Franck Organ Works RecArt

César Franck (1822-1890)
Trois pièces pour grand orgue, FWV 35-37 (1878)
Fantaisie; Cantabile; Piéce héroïque
Trois chorals pour grand orgue, FWV 38-40 (1890)
Choral No. 1 in E major
Choral No. 2 in B minor
Choral No. 3 in A minor
Jarosław Tarnawski (organ)
rec. 2021, Église Saint-François-de-Sales de Lyon, Lyon, France
RecArt 0051 [76]

The blurb says: “a key assumption of the project to release this album was to find a sound as close as possible to the composer’s intentions”. One is reminded that much of César Franck’s organ music was tailored to a particular instrument: the Cavaillé-Coll organ in Sainte-Clotilde Basilica in Paris. For better or worse, that instrument has been rebuilt or revoiced over the past century and a half, and is “only a shadow of its former glory”. Fortunately, the organ in Saint-François-de-Sales church in Lyon, installed in 1880, remains largely in the original condition. The booklet includes its specification. It is not a large instrument, but Aristide Cavaillé-Coll regarded it as one of his best. It may be of interest to note that Charles-Marie Widor’s inaugural recital on 16 December 1880 included the premiere performance of his magnificent Symphony No. 5 in F minor.

Jarosław Tarnawski first plays the Trois pièces pour grand orgue, written for the opening recital at the Palais du Trocadero, during the 1878 World Exhibition in Paris. For the occasion, Aristide Cavaillé-Coll had installed a massive four-manual instrument.

First up is the Fantasie, with a distinct improvisatory feel to it. The form is unusual: the work begins in the major key and ends in the minor. Much of its progress can be seen in terms of a dialogue between three themes, rather than standard exposition and development. The Cantabile is lyrical and contemplative in its progress. Franck takes just one idea and develops it with care. Despite a considerable climax, the piece ends quietly. The organist and composer Charles Tournemire once called it “the most perfect expression of suavity”. I understand that it was played at César Franck’s funeral. The Piéce héroïque, one of Franck’s most popular organ pieces, is in three sections. A serene “chorale” middle segment is bookended by an almost sinister main theme, supported by pulsating chords. There follows a bustling passage of arpeggios and a powerful reprise of the opening, which leads to a peroration for full organ of the “chorale”.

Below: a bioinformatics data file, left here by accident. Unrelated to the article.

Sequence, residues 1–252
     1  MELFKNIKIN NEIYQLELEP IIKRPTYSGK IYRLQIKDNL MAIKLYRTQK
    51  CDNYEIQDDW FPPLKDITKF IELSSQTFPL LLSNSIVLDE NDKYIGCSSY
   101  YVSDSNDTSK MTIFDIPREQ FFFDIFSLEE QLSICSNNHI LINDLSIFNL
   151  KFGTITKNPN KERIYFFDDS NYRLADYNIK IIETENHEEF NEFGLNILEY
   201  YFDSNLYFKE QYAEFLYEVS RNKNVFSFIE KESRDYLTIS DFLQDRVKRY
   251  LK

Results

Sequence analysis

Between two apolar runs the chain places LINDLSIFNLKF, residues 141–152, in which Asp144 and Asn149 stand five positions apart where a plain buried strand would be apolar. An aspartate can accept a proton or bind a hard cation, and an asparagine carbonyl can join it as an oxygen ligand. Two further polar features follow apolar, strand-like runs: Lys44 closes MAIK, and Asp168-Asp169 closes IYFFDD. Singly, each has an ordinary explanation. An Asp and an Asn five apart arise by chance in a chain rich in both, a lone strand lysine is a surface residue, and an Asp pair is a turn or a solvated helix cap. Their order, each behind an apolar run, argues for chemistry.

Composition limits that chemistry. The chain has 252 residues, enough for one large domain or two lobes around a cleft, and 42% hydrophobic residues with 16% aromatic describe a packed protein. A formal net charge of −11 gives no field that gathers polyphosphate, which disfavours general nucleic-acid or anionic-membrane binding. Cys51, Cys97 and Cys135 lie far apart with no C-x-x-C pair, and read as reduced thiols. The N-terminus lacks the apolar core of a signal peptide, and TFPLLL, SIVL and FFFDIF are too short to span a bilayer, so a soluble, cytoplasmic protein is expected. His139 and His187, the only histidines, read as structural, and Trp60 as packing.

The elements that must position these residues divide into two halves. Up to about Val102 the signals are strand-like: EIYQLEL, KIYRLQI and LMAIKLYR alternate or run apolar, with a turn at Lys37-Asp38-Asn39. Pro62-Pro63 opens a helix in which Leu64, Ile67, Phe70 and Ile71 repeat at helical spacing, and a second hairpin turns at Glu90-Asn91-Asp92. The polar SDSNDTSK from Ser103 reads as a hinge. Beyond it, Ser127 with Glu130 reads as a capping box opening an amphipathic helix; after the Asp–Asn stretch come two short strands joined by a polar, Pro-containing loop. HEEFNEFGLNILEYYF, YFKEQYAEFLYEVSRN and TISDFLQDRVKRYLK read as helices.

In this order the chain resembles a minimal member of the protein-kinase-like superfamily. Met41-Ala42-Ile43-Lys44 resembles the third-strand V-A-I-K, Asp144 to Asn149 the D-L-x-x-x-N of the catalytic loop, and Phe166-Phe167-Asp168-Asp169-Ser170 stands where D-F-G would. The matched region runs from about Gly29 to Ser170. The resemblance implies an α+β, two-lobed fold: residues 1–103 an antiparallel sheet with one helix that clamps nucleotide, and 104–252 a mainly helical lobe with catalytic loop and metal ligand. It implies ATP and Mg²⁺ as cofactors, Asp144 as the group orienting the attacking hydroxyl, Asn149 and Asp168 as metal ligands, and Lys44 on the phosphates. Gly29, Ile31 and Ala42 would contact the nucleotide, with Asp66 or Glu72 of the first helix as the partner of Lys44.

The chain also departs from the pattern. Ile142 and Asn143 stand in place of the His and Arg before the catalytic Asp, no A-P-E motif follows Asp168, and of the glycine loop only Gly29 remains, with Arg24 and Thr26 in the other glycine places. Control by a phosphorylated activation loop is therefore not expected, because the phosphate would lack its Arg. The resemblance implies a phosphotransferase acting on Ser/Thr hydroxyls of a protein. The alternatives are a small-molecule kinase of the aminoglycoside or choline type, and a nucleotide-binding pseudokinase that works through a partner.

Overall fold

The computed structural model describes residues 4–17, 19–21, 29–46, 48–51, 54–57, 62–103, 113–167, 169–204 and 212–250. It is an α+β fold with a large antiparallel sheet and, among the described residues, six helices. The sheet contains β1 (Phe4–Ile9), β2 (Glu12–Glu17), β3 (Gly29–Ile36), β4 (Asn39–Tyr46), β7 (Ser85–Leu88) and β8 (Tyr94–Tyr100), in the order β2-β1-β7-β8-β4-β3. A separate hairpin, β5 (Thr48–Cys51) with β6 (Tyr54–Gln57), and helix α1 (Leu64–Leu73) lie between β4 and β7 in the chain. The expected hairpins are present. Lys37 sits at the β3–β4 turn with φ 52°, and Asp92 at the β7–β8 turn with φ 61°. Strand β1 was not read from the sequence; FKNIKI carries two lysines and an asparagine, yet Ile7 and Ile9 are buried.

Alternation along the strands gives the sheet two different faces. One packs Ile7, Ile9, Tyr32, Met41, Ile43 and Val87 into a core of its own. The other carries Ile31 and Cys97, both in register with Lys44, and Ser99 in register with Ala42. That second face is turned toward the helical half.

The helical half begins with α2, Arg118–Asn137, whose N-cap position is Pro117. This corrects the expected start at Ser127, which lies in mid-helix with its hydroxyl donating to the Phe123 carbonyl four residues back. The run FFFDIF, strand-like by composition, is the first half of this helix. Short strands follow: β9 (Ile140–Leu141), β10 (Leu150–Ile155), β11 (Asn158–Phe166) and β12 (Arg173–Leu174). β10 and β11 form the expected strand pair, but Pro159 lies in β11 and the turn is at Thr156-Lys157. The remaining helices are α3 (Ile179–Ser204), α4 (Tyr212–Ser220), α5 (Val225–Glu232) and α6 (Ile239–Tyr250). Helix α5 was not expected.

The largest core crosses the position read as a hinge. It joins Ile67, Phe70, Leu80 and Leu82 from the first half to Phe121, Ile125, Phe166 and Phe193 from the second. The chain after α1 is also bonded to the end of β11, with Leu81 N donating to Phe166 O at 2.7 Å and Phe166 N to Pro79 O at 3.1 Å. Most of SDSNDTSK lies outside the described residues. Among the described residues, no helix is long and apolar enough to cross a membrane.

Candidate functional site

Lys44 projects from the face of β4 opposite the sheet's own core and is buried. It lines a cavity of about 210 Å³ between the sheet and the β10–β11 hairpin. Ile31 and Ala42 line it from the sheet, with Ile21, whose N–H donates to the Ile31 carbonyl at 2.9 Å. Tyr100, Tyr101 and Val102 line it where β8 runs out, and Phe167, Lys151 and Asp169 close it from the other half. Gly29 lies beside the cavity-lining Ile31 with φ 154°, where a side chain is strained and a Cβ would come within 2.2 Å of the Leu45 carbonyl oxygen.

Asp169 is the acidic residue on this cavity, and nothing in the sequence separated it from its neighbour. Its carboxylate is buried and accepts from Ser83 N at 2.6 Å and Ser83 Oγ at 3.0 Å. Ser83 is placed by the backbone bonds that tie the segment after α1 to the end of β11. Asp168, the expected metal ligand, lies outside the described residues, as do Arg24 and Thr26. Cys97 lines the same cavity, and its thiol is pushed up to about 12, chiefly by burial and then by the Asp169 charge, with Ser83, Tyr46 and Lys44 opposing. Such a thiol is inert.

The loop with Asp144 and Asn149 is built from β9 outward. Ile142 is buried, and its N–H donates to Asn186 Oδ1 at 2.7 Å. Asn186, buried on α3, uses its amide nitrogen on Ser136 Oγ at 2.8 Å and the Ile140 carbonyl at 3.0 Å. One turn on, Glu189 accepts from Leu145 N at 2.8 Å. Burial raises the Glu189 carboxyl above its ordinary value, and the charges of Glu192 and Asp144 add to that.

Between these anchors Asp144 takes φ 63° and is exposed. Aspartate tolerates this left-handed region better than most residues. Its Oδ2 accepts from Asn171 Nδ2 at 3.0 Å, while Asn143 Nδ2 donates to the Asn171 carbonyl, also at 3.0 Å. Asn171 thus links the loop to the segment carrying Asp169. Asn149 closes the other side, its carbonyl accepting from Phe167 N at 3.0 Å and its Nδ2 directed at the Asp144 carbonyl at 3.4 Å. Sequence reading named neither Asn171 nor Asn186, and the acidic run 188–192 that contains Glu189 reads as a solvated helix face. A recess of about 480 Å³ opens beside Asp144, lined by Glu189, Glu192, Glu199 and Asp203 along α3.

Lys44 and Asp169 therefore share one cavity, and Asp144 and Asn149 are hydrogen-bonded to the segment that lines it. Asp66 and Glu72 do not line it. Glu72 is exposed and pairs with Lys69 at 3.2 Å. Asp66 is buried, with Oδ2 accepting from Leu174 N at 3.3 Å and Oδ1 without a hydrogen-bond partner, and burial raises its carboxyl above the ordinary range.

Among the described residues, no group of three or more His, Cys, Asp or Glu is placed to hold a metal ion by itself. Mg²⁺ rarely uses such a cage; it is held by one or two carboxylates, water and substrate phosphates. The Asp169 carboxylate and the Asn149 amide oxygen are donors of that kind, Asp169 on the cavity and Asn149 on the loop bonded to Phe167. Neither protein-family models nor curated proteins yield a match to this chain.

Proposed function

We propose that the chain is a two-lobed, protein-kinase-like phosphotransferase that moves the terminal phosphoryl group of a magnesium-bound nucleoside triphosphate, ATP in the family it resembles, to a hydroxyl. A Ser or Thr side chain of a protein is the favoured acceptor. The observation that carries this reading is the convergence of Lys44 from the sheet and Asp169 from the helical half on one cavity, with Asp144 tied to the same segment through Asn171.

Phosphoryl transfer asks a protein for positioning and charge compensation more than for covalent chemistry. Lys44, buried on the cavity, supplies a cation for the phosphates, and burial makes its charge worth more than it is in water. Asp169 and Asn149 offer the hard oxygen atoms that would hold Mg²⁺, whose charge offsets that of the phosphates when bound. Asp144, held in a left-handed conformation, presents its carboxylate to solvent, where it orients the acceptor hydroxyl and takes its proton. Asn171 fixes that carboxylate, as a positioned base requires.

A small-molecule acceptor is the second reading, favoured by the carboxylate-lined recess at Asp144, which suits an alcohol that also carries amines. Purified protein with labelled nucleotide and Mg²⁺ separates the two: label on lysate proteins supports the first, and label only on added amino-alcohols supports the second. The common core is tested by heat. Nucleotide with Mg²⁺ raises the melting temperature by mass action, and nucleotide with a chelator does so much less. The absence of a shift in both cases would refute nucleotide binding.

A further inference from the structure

It is important to note that Trois chorals pour grand orgue are not based on any earlier liturgical melody. Franck puts hymn-like textures in the “tunes” he has devised himself. If anything, his melodies owe more to plainsong than to a Lutheran chorale. They sometimes are not established until after some considerable introduction. Much use is made of short motifs developed in a manner reminiscent of Franz Liszt. There is much chromaticism which adds colour and intensity. The formal constructs are significant. Each choral lasts more than 15 minutes, and requires abundant keyboard technique.

The first choral has been described as a theme from variations; the tune emerges towards the end of the exposition. Although much of the work is soft, there is an explosion of sound about midway. The music then builds up to a triumphant conclusion. The second choral is gloomy and contemplative. The melody seems to rise from the deep pedal notes. There is a hint of light created by a new theme. A dramatic interlude brings a more positive mood. This Choral builds up to a climax before shutting down to a serene conclusion. A plethora of emotions have been conjured. The third choral is like an inverted arch. It opens with bustling arpeggio figurations and loud, aggressive chords. The progress calms down a bit, and the “choral” is heard before the arpeggios return. Much of the middle section is heartbreakingly beautiful, Franck’s last thoughts, perhaps. But once again the toccata-like music re-emerges and slowly builds up to the final peroration, with a positive, but also disturbing, restatement of the theme.

The chorals were written in Nemours, Île-de-France, when Franck was convalescing. They were to be his final compositions. Sadly, he died before he could hear the works performed, although he dragged himself from his sickbed to Sainte-Clotilde to check the registrations. The work was edited by Eugène Gigout and published in 1892.

The well-produced booklet in Polish and English contains Jarosław Tarnawski’s detailed notes about the music, and an introduction to the philosophy of this recording. There is the all-important organ specification and a good historical background of the instrument. The booklet is illustrated with a well-known image of Franck “seated at the organ” in Sainte-Clotilde Basilica, and photographs of the console and the casing of the Saint-François-de-Saless instrument. Finally, we have a page of the opening bars of the Choral No. 1 in the original holograph. There is a brief bio of the performer.

I have never been a great fan of César Franck’s organ works until hearing this recording. Somehow, Jarosław Tarnawski’s stunning performance on a superb instrument made the penny drop for me. I was amazed by the power, the excitement, the drama, and the introspection of this glorious music.

John France

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